Fifteen people were killed when a gunman went on a rampage earlier today at a school in the German village of Winnenden, according to officials. The killer, a former student at the school, was later shot dead by police.
The death toll in Wednesday's school shooting in Germany has risen to 16, including the 17-year-old masked gunman, nine students, three teachers and three passers-by, according to Heribert Rech, the interior minister of the Baden-Wuerttemberg.
In a press conference in Berlin Wednesday afternoon, German chancellor Angela Merkel called the crime "incomprehensible." "I cannot understand what is going on," she added.
The killer went on a rampage at his former school in Winnenden, near the southern city of Stuttgart, before being shot in a firefight with police around 40 kilometres (25 miles) away. Two policemen were also seriously injured during the police shootout.
Other German news sources, including Bild, quoted local police as saying the boy’s parents own 18 licensed firearms. The father is a successful businessman.
“The boy may have been taking revenge for being expelled,” said Anne Maillet, a FRANCE 24 correspondent in Germany.
“The boy was known to the police already,” said Damien McGuinness, another FRANCE 24 correspondent, reporting from Berlin.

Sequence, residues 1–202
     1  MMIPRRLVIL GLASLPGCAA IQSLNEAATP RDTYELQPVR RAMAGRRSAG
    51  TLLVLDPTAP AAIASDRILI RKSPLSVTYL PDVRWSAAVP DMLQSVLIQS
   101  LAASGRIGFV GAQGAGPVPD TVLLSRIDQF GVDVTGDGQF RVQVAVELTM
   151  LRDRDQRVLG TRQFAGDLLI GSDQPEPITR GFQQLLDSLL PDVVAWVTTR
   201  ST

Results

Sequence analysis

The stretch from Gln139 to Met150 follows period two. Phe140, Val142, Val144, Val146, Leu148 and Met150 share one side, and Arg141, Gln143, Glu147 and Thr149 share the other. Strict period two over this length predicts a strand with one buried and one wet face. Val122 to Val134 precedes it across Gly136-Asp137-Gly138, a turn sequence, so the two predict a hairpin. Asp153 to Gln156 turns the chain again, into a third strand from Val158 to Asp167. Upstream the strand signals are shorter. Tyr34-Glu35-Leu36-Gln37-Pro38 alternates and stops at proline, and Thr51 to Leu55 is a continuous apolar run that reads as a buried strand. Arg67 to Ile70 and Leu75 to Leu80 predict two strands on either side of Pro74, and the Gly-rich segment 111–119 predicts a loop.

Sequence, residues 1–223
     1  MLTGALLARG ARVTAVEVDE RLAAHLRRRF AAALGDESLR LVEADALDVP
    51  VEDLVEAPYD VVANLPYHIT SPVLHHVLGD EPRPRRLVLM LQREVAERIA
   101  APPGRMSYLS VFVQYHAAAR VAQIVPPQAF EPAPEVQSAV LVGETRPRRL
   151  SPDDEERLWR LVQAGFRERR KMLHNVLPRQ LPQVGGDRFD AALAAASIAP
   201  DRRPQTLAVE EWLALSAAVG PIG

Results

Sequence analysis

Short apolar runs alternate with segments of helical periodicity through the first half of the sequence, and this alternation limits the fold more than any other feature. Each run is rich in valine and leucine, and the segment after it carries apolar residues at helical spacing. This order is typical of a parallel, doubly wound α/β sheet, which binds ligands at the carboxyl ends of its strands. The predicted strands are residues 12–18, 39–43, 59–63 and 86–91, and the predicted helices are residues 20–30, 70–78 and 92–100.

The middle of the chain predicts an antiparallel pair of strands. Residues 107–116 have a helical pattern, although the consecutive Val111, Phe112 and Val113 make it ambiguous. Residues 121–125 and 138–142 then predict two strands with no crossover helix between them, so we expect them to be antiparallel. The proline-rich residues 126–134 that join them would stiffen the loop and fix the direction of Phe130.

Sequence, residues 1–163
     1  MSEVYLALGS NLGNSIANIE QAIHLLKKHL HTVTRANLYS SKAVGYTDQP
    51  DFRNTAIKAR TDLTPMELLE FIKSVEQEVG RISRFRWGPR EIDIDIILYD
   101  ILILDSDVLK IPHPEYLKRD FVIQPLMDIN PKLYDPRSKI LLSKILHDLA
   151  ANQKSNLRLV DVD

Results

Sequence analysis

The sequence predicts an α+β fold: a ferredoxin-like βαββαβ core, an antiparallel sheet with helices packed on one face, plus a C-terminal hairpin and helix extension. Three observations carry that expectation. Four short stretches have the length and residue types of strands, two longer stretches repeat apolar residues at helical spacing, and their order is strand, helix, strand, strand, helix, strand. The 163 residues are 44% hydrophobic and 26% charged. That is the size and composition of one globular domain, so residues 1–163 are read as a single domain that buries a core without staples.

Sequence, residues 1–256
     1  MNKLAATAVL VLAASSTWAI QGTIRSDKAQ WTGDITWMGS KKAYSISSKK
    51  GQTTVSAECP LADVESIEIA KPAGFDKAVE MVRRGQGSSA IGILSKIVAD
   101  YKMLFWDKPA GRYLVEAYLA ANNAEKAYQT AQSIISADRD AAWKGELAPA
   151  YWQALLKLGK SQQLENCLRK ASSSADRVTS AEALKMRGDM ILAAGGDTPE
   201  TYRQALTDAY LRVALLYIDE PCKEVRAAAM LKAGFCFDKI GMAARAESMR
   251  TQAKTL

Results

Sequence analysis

According to Maillet, the school is not particularly academically high-pressure, and the area is somewhat affluent, so the shooting was especially “shocking.”
The Frankfurter Allgemeine Zeitung website cited a police officer in Waiblinge, a nearby town, who said the shooter entered the local secondary school at around 9:30 in the morning, and was clad in black army fatigues. Waiblinge is the town the gunman reportedly tried to flee to.
The school has been evacuated. Students and teachers are to be offered medical and psychological care.
This is not the first school shooting Germany has seen in recent years. McGuiness recalled the attacks of 2002 in Erfurt, in which an expelled student shot 18 teachers and students including himself, and in 2006 in Emsdetten, in which a former student shot and injured about a dozen students before shooting and killing himself.
Germany takes these incidents seriously, says McGuinness, adding: “After the 2002 attack, when it was discovered the assailant was very interested in video games, the German government placed restrictions on violent games.”
Date created : 2009-03-11